When I left Christianity, I immediately thought of myself as an atheist. Is it "an atheist" or "a atheist"...I've seen it both ways?

After time, I started to call myself an agnostic atheist and generally leaned towards just calling myself an agnostic, because, well, I can't prove one way or another, if there is or is not a god. Part of the reason I think I tended to say I'm an agnostic, was because it was easier on the ears of those who were my belieivng theist friends.

It's taken me four years to come back to realizing that when push comes to shove, I'm an agnostic atheist but the short answer is, I'm an atheist because I don't believe in or worship any god(s).

I think for those who were once Christians, the transition to finding a new label (because it seems the world must have them) can be a very difficult one, scary even.

Any thoughts?

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I've been on the verge of atheism since I was about 7, but never gave it too much though because my parents were so religious. Even when i was young i though about all the basic contradictions involving christianity, but never said them since that would have been a lack of belief. When i finally read the bible cover to cover(less than a year ago), all those thoughts came back, and so much more. Then i started to watch youtube videos, find non-theistic websites, and for the first time saw that I wasn't the only person who saw these contradictions in religion.

After about 4 months of studying about atheism and christianity in general, I called myself an atheist. Though I still haven't told anyone in real life, it still feels good to finally be sure of myself. Still living at my parents house and needing them for financial support it might be a little while before I'll tell them, but then again I might just tell them to get the discussion started.
I had one of the faster swaps, I guess. I spent about 2.5 years with conflicts in my head. I had a messy marriage/divorce, had a child (free of original sin, trust me), studied other religions and cults, etc. And then I foolishly watched a YouTube video titled something like, "Ten Questions Every Intelligent Christian Must Ask" and by the end of that day I was saying "God is imaginary". I spent six months only letting a few people know, and dropping words like "rational" and "critical thinking" in conversations with family. I wanted them to know me as an atheist without knowing I WAS an atheist for a long time, so that when I came out, they couldn't pretend like they saw some huge difference in my core character. I'm currently 26 and realized my atheism 1 year ago last week.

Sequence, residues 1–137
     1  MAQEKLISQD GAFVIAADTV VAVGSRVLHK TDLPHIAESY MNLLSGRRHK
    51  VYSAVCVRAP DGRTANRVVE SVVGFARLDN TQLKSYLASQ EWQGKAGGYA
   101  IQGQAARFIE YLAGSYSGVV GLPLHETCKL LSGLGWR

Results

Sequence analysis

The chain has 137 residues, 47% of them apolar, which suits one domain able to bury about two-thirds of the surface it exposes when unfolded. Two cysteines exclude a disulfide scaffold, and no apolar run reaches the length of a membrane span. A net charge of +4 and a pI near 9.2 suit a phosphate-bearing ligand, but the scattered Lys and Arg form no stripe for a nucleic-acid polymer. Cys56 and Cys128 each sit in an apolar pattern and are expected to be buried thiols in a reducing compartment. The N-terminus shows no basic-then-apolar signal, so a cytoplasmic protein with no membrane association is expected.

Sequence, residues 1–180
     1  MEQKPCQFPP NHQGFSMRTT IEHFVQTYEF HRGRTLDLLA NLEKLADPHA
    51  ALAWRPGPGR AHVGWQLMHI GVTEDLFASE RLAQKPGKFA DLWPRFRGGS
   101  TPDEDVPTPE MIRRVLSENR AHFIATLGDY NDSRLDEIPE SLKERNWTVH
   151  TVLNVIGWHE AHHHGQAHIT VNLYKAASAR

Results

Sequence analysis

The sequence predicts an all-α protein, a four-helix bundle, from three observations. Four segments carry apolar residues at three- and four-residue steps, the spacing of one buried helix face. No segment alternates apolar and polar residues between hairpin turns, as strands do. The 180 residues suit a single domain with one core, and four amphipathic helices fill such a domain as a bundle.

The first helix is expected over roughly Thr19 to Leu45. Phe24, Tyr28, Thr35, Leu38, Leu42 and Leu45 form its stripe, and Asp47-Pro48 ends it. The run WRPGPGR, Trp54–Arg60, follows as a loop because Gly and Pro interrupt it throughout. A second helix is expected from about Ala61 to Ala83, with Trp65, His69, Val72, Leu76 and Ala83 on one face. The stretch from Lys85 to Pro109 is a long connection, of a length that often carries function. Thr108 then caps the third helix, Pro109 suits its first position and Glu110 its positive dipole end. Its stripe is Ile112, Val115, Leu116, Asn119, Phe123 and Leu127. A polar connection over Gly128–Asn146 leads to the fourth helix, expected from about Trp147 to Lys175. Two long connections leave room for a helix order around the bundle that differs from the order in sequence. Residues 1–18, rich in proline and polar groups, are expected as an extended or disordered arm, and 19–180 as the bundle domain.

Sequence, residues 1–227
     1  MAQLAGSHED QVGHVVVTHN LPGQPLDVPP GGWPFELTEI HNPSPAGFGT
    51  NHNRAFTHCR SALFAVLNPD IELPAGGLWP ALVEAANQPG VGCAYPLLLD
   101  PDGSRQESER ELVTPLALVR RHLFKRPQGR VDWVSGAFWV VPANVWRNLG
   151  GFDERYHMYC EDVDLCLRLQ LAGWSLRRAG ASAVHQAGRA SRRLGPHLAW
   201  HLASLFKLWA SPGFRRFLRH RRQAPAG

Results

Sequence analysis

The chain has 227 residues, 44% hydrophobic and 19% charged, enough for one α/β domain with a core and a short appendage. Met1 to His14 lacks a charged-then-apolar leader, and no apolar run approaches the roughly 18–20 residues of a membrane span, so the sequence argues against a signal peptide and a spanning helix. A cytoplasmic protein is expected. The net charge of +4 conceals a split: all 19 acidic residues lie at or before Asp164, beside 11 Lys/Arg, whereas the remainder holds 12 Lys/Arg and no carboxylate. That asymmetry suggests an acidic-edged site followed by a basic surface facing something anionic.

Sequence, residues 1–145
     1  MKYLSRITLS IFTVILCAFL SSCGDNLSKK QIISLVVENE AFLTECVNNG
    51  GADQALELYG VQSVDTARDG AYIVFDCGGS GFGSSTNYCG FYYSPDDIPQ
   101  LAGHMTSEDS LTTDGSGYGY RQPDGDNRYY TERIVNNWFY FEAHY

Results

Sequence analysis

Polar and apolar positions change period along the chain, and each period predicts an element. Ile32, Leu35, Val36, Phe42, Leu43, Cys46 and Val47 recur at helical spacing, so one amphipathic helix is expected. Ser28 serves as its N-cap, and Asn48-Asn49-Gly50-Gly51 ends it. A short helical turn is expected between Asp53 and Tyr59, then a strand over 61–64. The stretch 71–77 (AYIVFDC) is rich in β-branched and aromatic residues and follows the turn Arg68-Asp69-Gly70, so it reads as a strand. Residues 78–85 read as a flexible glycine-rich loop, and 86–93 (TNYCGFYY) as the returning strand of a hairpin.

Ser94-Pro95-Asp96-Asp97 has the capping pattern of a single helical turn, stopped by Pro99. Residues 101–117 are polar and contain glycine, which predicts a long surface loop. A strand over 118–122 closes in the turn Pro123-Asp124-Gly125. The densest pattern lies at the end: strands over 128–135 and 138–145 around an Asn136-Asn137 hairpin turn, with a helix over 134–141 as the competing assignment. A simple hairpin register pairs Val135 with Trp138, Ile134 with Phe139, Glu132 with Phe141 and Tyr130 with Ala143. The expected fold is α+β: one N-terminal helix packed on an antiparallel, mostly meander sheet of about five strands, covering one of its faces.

It took me about 10 years (from about 18 to my late 20's). I was fully de-converted by the time I was 30.

I began by liberalizing my beliefs, moving from dogmatic evangelical to main-stream Methodist/Uniting Church.

The accelerating factor was academic study (much of it self-initiated) of the background and history of the Christian religion and its various branches.

I read the Bible in large connected chunks and whole books (and discovered that I would not have liked St. Paul if I had met him), compared stories about the same event or dogma (lots of conflicts became apparent), placed the Biblical text in historical, cultural and ideological perspective (textual criticism) and compared it with other writings and mythologies of the era.

I read Greek and Roman myths (and noted how consistent they were with central themes in the Christian gospels). I read the horrific history of how the Biblical cannon came into being (which included the wholesale slaughter of rival Christian groups). I discovered how the Roman church was founded and the reasoning behind this (a deliberate amalgamation of prevailing mythology in the region and a Jewish derivative religion abhorred by mainstream Jews in an attempt to unite the Roman people and destroy the Jews.) I studied formal theology with a view to becomming a Uniting Church minister. I lasted one year before I buckled under the strain of trying to justify which was increasingly appearing to be illogical nonsense. I left because I admitted to myself that the system was logically untenable and its morality was deeply flawed.

Then I studied psychology and became adept at applying the scientific method. Social psychology and the psychology of religion were the final nails in an already shut coffin. My first (entry level) dissertation was a retrospective (10 years) study of religious belief change and loss among former members of the Christian Union at my university and the correlating personality and cognitive characteristics. I would love to have the opportunity to follow this up with a prospective study to see whether there are factors which can predict which of the "real" Christians will become "not real" Christians in later years :-)
I still go by "agnostic" to my family. However, when dealing with people who i don't know/care about the shock value of saying you are an atheist in the middle of the bible belt can be fun :)

It took me about a year to say i'm an atheist. and about 6 months of agnosticism before i told my family.

Technically i'm an agnostic-atheist, but most people have enough trouble understanding 1 title, never mine two!
From Fundie to Atheist took about 30 years going through moderate Christianity, Deism, Agnosticism and finally to Atheism.

I went through a three year journey from Hell.  It actually started by reading the entire Bible.  I wrote down difficult passages and took them to my pastor and / or sunday school teacher.  The list of questions got longer and the answers got vaguer.  My process was deeply involved Christian to doubter (deep guilt for doubting), to deist to finally Agnostic Atheist.

It took me about a month after leaving my church, to admit that I was an atheist.

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